Despite Turmoil Homeownership Remains High
With the exception of 2000, a greaterrnpercentage of Americans own homes today than at any time since the U.S. CensusrnBureau began to collect homeownership data. rnThe current homeownership rate in the country is now 65.1 percent, arnloss of 1.1 percentage points between 2000 and 2010. This is the largest drop in the rate sincernthe period from 1930 to 1940 when, one might say, there were similar economicrnfactors in play.</p
Totalrnhousing units grew to 131.7 million, an increase of 15.8 million or 13.6rnpercent over the period between the 2000 and 2010 census. The supply of housing grew more quickly inrnthe South where it increased 17.9 percent to 50 million units and the West whichrngrew 17.3 percent to 28.6 million. ThernMidwest now has 29.5 million housing units, an increase of 9.3 million whilernthe Northeast grew by 6.6 percent to 23.6 million.</p
Thernstates with the greatest growth in housing inventory were Nevada (41.9rnpercent), Arizona (29.9 percent), Utah (27.5 percent,) Idaho (26.5 percent) andrnGeorgia (24.6 percent.). West Virginiarnhad the least growth at 4.4 percent.</p
Amongrnregions, homeownership was highest in the Midwest (69.2 percent) and the Southrn(66.7 percent). The Northeast and thernWest were considerably lower with rates of 62.2 percent and 60.5 percentrnrespectively. Every region recorded somernloss in homeownership over the ten year period.</p
Statesrnwith the highest levels of homeownership were West Virginia (73.4 percent) andrnMinnesota (73.0 percent). New York hadrnthe lowest percentage of homeowners, 53.3 percent.</p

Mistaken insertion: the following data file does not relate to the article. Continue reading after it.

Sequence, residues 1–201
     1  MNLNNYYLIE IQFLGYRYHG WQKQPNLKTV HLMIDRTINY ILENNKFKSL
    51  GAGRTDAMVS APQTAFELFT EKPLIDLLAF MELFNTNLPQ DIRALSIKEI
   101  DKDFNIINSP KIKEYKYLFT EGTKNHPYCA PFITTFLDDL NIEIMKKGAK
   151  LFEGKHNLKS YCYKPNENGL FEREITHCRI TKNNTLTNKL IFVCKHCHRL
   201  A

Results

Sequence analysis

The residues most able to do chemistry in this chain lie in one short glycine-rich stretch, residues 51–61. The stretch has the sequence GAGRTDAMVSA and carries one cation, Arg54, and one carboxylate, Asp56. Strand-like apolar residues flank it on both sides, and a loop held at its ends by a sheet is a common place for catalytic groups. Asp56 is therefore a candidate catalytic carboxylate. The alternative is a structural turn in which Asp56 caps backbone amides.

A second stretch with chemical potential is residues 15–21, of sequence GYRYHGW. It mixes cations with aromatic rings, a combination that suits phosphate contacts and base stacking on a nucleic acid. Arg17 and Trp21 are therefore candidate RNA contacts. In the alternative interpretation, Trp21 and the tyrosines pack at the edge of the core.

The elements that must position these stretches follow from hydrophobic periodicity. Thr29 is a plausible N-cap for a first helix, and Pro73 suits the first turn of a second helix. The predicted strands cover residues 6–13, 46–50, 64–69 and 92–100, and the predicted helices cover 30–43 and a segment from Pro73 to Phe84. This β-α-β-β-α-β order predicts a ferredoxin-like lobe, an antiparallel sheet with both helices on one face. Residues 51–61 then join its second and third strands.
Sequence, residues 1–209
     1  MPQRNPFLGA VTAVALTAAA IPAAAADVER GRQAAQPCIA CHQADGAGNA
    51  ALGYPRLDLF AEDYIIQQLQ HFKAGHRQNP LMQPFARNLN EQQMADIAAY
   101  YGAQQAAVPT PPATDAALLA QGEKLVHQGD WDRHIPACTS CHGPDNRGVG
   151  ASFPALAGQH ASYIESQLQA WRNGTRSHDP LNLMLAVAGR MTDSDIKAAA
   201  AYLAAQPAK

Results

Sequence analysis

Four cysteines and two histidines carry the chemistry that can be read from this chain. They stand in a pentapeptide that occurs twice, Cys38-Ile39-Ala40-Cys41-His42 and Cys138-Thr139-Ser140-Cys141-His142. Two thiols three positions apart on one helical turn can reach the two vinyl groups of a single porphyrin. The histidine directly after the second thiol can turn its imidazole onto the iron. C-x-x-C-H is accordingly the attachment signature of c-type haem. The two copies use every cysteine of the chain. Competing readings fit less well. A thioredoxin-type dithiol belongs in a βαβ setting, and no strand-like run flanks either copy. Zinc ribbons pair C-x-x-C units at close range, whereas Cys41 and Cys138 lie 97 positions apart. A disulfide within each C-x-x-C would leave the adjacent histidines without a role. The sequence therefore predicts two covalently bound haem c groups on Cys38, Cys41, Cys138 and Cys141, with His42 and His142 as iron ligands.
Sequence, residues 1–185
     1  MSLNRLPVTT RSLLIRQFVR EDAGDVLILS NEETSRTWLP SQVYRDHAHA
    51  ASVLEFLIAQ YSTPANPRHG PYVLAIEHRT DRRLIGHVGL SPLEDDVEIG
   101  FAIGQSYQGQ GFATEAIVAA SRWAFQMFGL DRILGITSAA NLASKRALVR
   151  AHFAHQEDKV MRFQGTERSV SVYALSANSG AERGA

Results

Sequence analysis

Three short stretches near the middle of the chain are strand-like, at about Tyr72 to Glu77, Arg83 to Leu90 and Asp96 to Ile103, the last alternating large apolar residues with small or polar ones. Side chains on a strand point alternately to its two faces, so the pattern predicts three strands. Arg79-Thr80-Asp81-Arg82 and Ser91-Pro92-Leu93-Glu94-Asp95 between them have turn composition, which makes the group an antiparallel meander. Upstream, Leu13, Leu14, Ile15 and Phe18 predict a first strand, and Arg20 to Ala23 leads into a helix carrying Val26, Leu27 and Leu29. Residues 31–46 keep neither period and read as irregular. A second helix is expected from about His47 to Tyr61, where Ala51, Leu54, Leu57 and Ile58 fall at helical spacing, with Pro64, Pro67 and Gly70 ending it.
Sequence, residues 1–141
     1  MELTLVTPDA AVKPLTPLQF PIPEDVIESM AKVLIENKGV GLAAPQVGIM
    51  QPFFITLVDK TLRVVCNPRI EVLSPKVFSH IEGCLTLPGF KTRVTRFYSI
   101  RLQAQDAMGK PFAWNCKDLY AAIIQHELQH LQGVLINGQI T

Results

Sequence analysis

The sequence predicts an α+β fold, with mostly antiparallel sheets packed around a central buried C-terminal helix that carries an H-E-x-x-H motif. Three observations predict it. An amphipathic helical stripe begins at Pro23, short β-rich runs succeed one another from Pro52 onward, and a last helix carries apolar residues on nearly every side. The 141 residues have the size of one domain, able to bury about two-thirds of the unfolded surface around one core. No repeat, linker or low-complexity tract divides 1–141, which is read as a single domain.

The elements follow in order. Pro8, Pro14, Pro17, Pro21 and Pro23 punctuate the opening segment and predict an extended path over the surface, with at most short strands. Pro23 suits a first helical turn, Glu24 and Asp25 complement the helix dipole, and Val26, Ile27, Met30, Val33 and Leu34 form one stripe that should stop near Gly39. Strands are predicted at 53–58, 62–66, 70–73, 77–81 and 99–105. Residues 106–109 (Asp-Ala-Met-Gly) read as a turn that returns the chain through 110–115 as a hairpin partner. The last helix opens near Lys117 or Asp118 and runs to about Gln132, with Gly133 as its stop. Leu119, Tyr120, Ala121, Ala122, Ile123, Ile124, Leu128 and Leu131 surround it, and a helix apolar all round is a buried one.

The onlyrnmetropolitan area where renters outnumbered homeowners was Manhattan Kansasrnwith a homeownership rate of 49.5 percent. rnBy comparison, in 2000 renters outnumbered homeowners in fivernmetropolitan areas. Similarly,rnhomeowners were in the majority in most of the nations counties. Renters outnumbered homeowners in only 1.5rnpercent of the 3,143 counties (or their equivalents).</p
When the focus narrows from metropolitan areas to citiesrnthe ratio of homeowners to renters shifts. rnRenters made up 69 percent of households in New York City, 61.8 percentrnin Los Angeles, 55.1 percent in Chicago, and 54.6 percent in Houston. Many counties, however, have seen an increasernin renter occupancy over the last ten years, some in the double digits. Only 14 counties saw more than a 5 percentrnincrease in homeownership.
Nationally there were 15 million vacant housing units in 2010, an increasernof 43.8 percent since 2000. This represents 11.4 percent of the total housingrninventory. The vacancy rate was highestrnis the South at 12.7 percent; the other regions were all below the nationalrnrate. Only three states, New Mexico,rnWyoming, and Hawaii, had a decrease in their gross vacancy rates and all thosernchanges were less than one percentage point. rnNevada had the largest increase in vacancies.</p
Homeowner vacancy rates (homes that are vacant and for sale) increasedrnalmost everywhere and rose nationally by 0.7 percent to 2.4 percent. The rental vacancy rate increased 2.3 percentrnto 9.2 percent.
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